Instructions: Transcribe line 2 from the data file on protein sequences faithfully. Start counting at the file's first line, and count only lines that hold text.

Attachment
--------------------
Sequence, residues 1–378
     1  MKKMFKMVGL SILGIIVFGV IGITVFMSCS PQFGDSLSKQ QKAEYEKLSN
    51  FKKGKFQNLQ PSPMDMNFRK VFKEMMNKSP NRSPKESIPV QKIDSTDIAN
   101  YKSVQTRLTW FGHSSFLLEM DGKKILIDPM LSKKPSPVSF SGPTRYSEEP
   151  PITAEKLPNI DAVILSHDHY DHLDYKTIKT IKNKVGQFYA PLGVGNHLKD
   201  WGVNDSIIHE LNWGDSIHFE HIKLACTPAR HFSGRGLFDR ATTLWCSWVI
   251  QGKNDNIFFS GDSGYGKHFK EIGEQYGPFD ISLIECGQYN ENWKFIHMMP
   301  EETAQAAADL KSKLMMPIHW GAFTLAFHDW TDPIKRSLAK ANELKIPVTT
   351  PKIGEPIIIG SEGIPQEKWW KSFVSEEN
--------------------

     1  MKKMFKMVGL SILGIIVFGV IGITVFMSCS PQFGDSLSKQ QKAEYEKLSN